Context Sperm donation is an increasingly common practice for achieving pregnancy in the absence of a male partner or when fertility is problematic. The unintended consequence in which genetic diseases are unwittingly transmitted to offspring is an underrecognized public health issue not previously prioritized by US Food and Drug Administration guidelines.
Objective To report the clinical circumstances and implication of hypertrophic cardiomyopathy (HCM) transmitted by sperm donation to recipients.
Setting Voluntary sperm donation through a US Food and Drug Administration–approved tissue bank.
Main Outcome Measure Incidence of genetically affected offspring and clinical outcomes to date.
Results An asymptomatic 23-year-old man who had no personal knowledge of underlying heart disease and who underwent standard testing that was negative for infectious diseases, repeatedly donated sperm over a 2-year period (1990-1991). The donor was later shown to be affected (in 2005) by a novel β-myosin heavy-chain mutation that caused HCM, after an offspring wasclinically diagnosed with this disease. Of the 24 children known to be offspring of the donor, including 22 who were products of fertilization via sperm donation and 2 conceived by the donor's wife, a total of 9 genetically affected offspring, 2 to 16 years of age and 6 males, have been identified with HCM (2005-2009). Three of the 9 gene-positive children have currently expressed phenotypic evidence of HCM, including one who died at age 2 years due to progressive and unrelenting heart failure with marked hypertrophy, and also 2 survivors with extreme left ventricular hypertrophy at age 15 years. The latter 2 children and the donor are judged likely to be at increased risk for sudden death.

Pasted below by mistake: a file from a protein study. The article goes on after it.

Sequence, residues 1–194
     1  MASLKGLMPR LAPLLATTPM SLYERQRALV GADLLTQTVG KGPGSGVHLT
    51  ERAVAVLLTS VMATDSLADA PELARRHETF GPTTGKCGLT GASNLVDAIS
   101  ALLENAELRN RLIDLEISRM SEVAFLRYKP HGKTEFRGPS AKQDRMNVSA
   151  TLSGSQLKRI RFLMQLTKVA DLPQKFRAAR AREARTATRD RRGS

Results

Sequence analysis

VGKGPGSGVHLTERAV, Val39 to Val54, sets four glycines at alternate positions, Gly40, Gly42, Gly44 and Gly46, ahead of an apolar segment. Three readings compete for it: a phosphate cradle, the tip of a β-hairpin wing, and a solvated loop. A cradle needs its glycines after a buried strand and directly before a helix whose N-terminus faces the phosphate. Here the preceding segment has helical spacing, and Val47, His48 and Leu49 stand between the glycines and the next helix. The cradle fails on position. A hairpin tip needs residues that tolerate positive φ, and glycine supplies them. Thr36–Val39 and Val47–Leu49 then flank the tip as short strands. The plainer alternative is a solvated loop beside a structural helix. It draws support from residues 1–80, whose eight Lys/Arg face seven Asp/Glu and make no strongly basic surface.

Conclusions This case series underscores the potential risk for transmission of inherited cardiovascular diseases through voluntary sperm donation, a problem largely unappreciated by the medical community and agencies regulating tissue donation.Recommendations include improved screening guidelines for donors to exclude cardiovascular diseases (eg, HCM) such as consideration for 12-lead electrocardiograms.
“While the US Food and Drug Administration (FDA) inspects the operation of the banks and screening procedures for donors, this process has been directed primarily toward the prevention of infectious diseases, with little attention to the potential transmission of genetic diseases.”“This case underscores the potential risk for transmission of inherited cardiovascular diseases through voluntary sperm donation, a problem largely unappreciated by the medical community and agencies regulating tissue donation.” The article goes on to say, “We are aware of only one other documented instance in which a genetic disease was transmitted to an offspring by sperm donation”.